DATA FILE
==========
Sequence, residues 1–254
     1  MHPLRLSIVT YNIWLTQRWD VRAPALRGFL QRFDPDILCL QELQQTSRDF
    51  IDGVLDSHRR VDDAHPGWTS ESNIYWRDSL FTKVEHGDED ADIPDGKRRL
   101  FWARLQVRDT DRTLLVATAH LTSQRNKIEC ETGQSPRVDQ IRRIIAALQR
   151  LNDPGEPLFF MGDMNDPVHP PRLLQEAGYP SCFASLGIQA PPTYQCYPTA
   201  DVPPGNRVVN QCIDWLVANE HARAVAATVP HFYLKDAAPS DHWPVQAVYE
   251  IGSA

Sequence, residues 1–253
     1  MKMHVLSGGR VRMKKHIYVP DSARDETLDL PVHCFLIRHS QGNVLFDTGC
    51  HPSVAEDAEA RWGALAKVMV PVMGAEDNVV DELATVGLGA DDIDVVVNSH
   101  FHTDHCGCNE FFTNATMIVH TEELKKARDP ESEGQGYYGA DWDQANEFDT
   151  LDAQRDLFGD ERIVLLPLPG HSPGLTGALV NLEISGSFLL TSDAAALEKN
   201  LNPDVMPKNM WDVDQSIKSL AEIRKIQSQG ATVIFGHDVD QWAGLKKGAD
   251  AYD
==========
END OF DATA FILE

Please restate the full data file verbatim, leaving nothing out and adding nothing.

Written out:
Sequence, residues 1–254
     1  MHPLRLSIVT YNIWLTQRWD VRAPALRGFL QRFDPDILCL QELQQTSRDF
    51  IDGVLDSHRR VDDAHPGWTS ESNIYWRDSL FTKVEHGDED ADIPDGKRRL
   101  FWARLQVRDT DRTLLVATAH LTSQRNKIEC ETGQSPRVDQ IRRIIAALQR
   151  LNDPGEPLFF MGDMNDPVHP PRLLQEAGYP SCFASLGIQA PPTYQCYPTA
   201  DVPPGNRVVN QCIDWLVANE HARAVAATVP HFYLKDAAPS DHWPVQAVYE
   251  IGSA

Sequence, residues 1–253
     1  MKMHVLSGGR VRMKKHIYVP DSARDETLDL PVHCFLIRHS QGNVLFDTGC
    51  HPSVAEDAEA RWGALAKVMV PVMGAEDNVV DELATVGLGA DDIDVVVNSH
   101  FHTDHCGCNE FFTNATMIVH TEELKKARDP ESEGQGYYGA DWDQANEFDT
   151  LDAQRDLFGD ERIVLLPLPG HSPGLTGALV NLEISGSFLL TSDAAALEKN
   201  LNPDVMPKNM WDVDQSIKSL AEIRKIQSQG ATVIFGHDVD QWAGLKKGAD
   251  AYD